Dead Whale on Beach
By JOSHUA SABATINI
An object drifted toward the South Beach shoreline early Friday afternoon. Pauline Martin, who was visiting Edgartown residents Kosta and Louise George, saw it in the ocean and wondered what it was. When the object washed ashore, they discovered the answer - a male, juvenile sperm whale.
After a day, brown and green pigments dappled the once black-and-white flesh. The tail fin lost its firmness, became a yellow membrane swishing about in the breaking waves. Chunks of the whale's lower portion had been removed by what many believe to be shark bites. A foul odor rose from the carcass and spread out over the large portion of beach known as the left fork.
On Saturday, David Grunden, Oak Bluff's shellfish constable, was out on behalf of the New England Aquarium in Boston, with his tools to remove the two jaw bones. The aquarium is in the process of performing a level A data analysis of the whale. Connie Merigo of the aquarium said the jaw bones may be used for scientific research or educational purposes after the analysis is completed.
Sgt. Bill Searle of the Massachusetts environmental police, who was out through the night on Friday guarding the whale, said the removal of the jaw bones is also a preventive measure. "The jaws and teeth of the sperm whale are highly sought after for the ivory," he said. "We wanted to make sure the ivory wouldn't end up on the black market."
Mr. Searle estimated the whale was two or three years of age, about 30 feet in length and weighed 12 tons.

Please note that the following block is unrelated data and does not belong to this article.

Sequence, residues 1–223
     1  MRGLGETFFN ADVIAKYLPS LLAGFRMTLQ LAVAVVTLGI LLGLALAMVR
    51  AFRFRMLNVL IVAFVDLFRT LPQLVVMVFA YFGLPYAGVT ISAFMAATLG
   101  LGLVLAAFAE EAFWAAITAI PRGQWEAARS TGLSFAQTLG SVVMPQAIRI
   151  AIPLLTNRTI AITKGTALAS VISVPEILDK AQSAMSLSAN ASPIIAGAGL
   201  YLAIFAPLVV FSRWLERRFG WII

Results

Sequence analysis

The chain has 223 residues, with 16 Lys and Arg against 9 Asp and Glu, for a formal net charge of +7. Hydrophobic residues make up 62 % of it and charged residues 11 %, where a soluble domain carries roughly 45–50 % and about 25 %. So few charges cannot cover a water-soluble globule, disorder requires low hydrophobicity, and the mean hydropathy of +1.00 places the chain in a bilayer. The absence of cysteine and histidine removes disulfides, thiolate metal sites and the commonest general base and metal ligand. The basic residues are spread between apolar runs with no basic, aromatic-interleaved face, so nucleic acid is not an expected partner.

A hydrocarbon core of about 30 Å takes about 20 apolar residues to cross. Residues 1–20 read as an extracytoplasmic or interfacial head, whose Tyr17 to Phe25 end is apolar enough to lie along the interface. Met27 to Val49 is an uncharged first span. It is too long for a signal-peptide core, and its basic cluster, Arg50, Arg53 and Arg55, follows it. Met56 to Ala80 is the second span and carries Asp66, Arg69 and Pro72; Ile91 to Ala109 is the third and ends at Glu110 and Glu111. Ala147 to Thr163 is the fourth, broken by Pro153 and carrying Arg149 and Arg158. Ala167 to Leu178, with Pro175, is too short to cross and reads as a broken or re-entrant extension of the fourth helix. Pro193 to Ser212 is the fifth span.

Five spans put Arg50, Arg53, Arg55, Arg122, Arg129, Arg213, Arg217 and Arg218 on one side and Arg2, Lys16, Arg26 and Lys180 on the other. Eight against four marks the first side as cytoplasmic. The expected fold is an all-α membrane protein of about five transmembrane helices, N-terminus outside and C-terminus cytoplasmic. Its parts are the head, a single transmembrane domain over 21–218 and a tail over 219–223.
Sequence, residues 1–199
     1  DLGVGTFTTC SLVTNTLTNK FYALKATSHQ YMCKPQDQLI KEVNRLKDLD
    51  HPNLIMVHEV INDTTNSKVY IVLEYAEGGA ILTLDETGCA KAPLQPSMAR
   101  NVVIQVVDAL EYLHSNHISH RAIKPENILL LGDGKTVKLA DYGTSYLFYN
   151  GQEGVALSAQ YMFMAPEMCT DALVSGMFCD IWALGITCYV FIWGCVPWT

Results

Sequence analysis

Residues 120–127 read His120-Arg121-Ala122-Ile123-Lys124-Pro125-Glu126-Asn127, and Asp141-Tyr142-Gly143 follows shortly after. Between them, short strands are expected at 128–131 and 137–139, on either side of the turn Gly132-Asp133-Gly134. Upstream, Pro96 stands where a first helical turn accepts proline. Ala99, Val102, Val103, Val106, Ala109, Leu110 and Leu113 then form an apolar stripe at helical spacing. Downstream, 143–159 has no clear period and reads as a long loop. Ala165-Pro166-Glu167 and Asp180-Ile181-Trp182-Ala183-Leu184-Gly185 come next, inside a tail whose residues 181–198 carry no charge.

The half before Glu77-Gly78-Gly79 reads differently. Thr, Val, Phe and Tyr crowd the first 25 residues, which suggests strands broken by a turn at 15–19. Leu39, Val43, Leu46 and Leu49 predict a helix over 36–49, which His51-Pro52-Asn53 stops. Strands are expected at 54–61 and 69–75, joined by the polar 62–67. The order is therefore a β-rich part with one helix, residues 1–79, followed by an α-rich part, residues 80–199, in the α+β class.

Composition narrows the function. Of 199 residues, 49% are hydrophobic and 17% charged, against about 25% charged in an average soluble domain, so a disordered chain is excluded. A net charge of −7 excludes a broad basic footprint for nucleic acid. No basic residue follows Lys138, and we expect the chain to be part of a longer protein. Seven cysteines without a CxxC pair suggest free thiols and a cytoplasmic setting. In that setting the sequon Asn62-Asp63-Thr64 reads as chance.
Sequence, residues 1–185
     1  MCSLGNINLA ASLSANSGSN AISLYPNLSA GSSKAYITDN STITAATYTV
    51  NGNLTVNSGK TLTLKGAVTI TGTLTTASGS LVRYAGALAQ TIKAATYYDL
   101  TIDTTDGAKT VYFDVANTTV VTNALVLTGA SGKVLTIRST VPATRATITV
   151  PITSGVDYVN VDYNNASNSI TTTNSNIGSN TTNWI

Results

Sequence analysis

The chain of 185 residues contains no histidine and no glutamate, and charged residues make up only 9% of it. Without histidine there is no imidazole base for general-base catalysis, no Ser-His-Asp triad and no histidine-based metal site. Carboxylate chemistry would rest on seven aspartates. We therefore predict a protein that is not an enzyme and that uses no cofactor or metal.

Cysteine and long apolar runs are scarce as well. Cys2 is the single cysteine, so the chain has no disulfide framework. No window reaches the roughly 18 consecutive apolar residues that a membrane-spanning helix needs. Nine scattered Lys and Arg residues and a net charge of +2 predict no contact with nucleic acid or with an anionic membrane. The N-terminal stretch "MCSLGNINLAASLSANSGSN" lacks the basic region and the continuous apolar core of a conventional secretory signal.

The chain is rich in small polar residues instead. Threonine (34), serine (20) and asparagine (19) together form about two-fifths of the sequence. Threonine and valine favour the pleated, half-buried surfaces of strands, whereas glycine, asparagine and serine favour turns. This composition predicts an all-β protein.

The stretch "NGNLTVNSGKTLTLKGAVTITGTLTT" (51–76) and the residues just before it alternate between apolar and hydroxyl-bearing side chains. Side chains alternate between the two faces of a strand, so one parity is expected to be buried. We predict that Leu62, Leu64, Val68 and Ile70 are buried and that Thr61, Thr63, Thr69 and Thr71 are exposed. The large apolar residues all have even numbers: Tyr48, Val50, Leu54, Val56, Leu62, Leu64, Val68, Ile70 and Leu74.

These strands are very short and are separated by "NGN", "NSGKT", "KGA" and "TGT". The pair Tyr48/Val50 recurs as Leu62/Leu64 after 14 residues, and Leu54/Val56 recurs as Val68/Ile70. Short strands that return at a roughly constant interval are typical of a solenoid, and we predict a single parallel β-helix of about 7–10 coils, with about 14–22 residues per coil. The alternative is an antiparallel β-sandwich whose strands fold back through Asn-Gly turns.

Normally, a necropsy would be performed on the whale, but since the animal had been decomposing for more than three weeks at sea, the analysis probably would have proven futile.
"The most common cause of death for a juvenile whale is to be struck by a ship, but without a big gouge on its body there is no evidence of that. It's possible it died from a virus. Because of the extent of decomposition, it's just too tough to tell how it died," said Mr. Grunden, who, attired in a black wet suit, used a 14-inch blade to cut out a jaw bone while fighting the surf. He said when he was making the cuts a wave would come and put sand in the cut, dulling the blade, and he had to come back up, sharpen it and begin to cut again. A sperm whale has two lower jaw bones with a piece of cartilage between them. The top of the mouth has sockets for the teeth.
Mr. Grunden returned carrying the jaw bone with 20 teeth projecting out. "I am going to bag them and put them into a freezer until their transportation to the aquarium is figured out," he said.
On Monday, the whale carcass still lay on its side, jostled back and forth by the breaking waves.
Mr. Searle tried to make arrangements with the town to carry off the carcass in a dump truck and bury it or have it towed out to sea, but no measures have been taken yet, and the town may allow it to decompose where it remains. Mr. Searle advised that no one should come into contact with the whale. "People should take into consideration that the whale could have died from pneumonia, and there is small chance the virus could be passed on to them if they come in contact with it."